Firstly, fuel efficiency depends on always being in the right gear to get the most out of the engine. However even the best and newest models still don’t change gear at the ideal time – whereas a skilled driver could. Why not? Surely the brainy chaps at Toyota have perfected it all by now? Alas, no. The reason is this: the gearbox doesn’t have all the information the driver has. The driver may know he or she is about to crest a hill or hit some traffic. The gearbox can’t know this – it simply has to make a judgement based on the angle of your foot on the pedal and the current applied torque.
Secondly, some automatic gearboxes are less good at ‘coasting’ (i.e disconnecting the wheels from any internal machinery to reduce friction and engine resistance).
Aside for health and safety officials from the government: Some might say coasting is unwise; it is suggested that having the power to both slow down or speed up a short notice may improve safety; it is also suggested that engine braking is safer than foot braking because it is less inclined to the lock the wheels. These arguments do actually hold some water. While it is in fact possible to use engine braking to put the car into a skid, it is, in general, wise to take corners in gear as you will have more precise control over speed, and in the (rare) case of brake failure (or the more likely case of a foot slipping off the brake pedal), control is more likely to be maintained. I suggest therefore that coasting should only be done in safe conditions and at low speeds.
The last problem with automatic gearboxes is all the fluid. While manual gearboxes do have some oil to churn, the average automatic gearbox is a veritable fountain. The engine connects to the gearbox through a torque converter, which is a cunning clutch-like device based on discs spinning in fluids.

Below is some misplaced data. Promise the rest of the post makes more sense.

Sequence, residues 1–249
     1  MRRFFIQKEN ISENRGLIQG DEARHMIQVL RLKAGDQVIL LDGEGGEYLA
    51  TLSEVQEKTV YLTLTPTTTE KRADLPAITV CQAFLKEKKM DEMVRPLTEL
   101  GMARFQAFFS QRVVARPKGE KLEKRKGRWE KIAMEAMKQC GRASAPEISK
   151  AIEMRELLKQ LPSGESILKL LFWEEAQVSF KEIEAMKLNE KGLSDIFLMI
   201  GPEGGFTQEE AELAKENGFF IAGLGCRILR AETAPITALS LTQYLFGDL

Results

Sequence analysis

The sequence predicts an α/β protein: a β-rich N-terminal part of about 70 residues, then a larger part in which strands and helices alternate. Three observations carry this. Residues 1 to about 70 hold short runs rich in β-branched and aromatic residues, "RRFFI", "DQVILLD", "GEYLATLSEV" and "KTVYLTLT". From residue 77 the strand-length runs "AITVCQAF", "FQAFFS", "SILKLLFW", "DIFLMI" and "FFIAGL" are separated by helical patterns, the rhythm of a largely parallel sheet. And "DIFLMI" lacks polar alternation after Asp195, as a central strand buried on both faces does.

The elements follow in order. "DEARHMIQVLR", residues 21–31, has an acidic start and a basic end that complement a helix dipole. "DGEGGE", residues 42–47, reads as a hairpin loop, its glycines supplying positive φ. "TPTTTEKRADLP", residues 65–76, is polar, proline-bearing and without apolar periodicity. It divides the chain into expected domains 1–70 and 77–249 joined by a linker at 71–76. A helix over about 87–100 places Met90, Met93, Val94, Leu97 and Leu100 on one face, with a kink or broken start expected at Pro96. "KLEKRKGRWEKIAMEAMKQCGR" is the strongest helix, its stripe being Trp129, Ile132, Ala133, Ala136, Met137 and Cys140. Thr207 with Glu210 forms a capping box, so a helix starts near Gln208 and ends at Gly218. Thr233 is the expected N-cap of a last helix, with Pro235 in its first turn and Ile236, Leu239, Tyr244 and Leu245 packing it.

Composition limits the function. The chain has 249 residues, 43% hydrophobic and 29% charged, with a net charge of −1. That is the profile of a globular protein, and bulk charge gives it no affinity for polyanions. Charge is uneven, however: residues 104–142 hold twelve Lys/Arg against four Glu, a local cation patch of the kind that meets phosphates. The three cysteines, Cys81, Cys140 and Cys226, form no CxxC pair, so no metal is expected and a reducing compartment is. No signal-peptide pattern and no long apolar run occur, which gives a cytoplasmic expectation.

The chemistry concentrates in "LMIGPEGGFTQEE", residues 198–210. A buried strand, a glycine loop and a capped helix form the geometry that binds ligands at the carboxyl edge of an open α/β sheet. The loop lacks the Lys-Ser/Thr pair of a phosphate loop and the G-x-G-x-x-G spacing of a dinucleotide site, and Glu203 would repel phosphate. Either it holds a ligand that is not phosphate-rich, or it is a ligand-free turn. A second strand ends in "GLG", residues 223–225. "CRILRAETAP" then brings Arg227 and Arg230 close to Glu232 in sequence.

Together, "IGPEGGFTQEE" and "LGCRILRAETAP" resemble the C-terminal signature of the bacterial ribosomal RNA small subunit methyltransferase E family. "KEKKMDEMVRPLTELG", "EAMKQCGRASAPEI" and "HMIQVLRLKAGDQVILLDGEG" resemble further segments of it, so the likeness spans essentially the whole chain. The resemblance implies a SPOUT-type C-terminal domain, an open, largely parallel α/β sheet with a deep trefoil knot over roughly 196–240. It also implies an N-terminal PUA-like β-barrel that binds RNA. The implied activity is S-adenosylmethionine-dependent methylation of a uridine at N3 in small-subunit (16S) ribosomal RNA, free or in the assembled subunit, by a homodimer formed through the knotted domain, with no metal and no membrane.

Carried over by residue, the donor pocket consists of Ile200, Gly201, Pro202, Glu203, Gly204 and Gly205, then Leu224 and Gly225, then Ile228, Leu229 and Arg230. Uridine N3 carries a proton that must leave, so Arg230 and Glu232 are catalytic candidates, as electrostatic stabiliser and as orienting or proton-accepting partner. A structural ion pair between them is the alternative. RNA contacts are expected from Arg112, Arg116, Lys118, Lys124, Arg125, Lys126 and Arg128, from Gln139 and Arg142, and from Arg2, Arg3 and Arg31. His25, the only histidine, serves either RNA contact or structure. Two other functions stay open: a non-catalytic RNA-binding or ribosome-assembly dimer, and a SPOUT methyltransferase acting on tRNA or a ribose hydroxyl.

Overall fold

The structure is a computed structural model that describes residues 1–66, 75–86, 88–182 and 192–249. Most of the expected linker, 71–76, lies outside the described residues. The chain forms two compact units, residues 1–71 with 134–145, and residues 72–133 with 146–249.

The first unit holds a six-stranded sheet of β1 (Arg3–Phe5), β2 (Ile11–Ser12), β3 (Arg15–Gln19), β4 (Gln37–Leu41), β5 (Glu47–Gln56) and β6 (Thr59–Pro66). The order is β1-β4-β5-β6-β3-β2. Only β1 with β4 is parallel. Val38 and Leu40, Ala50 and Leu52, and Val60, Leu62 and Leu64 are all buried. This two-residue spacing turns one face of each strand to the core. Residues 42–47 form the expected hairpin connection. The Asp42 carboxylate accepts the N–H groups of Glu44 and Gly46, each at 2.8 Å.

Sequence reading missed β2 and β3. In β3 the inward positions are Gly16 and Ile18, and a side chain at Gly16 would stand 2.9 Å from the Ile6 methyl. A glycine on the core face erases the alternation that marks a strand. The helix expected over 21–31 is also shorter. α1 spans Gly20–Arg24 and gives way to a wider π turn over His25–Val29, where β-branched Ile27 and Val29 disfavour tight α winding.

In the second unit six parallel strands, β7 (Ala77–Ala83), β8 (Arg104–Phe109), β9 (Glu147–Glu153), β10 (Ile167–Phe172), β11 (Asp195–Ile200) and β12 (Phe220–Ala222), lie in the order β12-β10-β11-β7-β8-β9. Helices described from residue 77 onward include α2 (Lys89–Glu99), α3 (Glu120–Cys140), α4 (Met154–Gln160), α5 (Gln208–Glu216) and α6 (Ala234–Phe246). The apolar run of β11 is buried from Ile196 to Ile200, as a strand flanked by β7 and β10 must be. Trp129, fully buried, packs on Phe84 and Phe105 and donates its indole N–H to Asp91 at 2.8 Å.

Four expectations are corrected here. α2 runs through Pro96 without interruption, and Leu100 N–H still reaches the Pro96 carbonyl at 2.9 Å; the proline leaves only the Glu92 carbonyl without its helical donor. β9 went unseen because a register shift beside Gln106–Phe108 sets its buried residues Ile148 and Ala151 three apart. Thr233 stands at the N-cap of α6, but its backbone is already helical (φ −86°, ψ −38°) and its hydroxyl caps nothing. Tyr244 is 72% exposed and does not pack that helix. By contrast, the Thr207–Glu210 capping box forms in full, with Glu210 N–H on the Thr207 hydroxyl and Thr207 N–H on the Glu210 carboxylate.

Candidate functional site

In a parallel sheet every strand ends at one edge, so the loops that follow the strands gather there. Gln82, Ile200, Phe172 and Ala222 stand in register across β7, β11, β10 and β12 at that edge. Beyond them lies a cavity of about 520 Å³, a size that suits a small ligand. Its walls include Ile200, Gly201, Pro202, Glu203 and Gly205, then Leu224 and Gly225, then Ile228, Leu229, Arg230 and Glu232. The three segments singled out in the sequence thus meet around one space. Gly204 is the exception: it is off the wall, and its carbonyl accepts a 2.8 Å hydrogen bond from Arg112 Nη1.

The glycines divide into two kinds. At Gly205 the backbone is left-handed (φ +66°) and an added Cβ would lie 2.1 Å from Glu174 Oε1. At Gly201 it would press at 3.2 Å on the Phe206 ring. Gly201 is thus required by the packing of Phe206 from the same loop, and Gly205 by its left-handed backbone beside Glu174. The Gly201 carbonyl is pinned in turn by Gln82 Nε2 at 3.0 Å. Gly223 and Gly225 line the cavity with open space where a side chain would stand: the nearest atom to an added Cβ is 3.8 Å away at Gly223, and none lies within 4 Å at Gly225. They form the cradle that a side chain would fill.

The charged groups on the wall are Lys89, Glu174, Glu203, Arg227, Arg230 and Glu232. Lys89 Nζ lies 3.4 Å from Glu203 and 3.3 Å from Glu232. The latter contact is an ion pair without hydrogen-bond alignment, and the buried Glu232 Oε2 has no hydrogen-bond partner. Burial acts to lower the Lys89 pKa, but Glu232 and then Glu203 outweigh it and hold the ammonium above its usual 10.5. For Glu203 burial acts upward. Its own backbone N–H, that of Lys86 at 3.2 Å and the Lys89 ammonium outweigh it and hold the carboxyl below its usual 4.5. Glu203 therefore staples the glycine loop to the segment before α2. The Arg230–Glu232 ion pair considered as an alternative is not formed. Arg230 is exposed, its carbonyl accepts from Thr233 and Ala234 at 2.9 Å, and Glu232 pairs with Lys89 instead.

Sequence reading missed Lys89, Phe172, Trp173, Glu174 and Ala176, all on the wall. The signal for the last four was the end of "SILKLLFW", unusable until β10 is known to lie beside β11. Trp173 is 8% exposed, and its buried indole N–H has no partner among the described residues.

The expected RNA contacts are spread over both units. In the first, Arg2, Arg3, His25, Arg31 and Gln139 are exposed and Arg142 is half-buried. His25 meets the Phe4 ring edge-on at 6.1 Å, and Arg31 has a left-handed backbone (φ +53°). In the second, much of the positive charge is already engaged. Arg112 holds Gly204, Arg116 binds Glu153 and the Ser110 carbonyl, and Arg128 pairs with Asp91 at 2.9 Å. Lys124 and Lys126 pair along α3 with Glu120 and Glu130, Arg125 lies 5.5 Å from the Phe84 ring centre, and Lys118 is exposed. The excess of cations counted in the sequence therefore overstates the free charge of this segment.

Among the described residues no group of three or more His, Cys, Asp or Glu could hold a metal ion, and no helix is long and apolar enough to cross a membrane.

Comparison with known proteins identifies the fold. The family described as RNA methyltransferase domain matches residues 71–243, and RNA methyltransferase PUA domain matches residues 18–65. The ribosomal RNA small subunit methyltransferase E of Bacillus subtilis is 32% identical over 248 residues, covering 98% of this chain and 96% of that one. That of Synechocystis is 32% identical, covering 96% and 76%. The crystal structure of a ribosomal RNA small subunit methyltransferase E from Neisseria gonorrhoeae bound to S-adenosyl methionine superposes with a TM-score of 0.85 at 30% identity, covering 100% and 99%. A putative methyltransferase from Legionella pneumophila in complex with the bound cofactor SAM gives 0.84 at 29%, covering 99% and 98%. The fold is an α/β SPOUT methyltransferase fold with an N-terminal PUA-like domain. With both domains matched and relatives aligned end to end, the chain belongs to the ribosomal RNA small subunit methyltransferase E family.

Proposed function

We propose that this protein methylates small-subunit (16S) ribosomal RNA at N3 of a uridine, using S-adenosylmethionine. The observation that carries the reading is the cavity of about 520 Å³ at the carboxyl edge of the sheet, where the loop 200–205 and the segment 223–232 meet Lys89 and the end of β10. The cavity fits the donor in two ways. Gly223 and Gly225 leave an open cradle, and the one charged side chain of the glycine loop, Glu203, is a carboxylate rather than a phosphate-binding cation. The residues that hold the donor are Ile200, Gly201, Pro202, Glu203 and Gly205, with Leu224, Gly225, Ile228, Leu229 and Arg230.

In the gearbox itself, the rotating shafts are used to pump fluids at high pressures through various tight channels and orifices in order to drive actuators that engage and disengage the absurdly clever planetary gearing. All this fluid-flow has inherent frictional loss, and thus reduces efficiency.
#5 Efficiency of Utilisation
What do I mean by ‘utilisation’? Well answer me this: what is more efficient, a Toyota Prius or a Grand Voyager?
The answer is clear: it depends – on how many people you are carrying.
Much can be said for using the vehicle right for the job. If you need a big van once every six months, look at renting or borrowing one, and drive something smaller.
#6 Age and Embodied carbon
This time I am asking: what is more efficient, a nice new Prius or your 3 year old one? You might think a new one would have the edge, but what you need to remember is that it takes an awful lot of carbon to make a new car, and it may take years to work that off. Rather keep your three-year-old in tip-top shape and hold onto it until its efficiency starts to dip – until the new model really is significantly better.
If however you don’t have a Prius but have an old guzzler, the carbon may balance out rather more quickly – it really won’t do to keep driving your 3-litre Cortina for ever.
#7 On-board computer
If you get a car with an instantaneous fuel consumption display, you may find yourself trying to set a record – and learning a lot on the way.
In my next article I discuss some of the innovative green car technology that is on the horizon.
3 thoughts on “What makes an efficient car?”
Magnets are ever lasting, free energy, polution free and will be technology for the future in transportation. I have always wondered why this was never created. And I thought of creating it myself. I searched online and find this, check it out.
A good resource to use to challenge yourself here:
The free energy scam draws on the addictiveness of conspiratorial thinking, so look up on that too: Brian Dunning has summarised that in one of his excellent audio podcasts so you can put up your feet, put a skeptical expression on your face, and listen: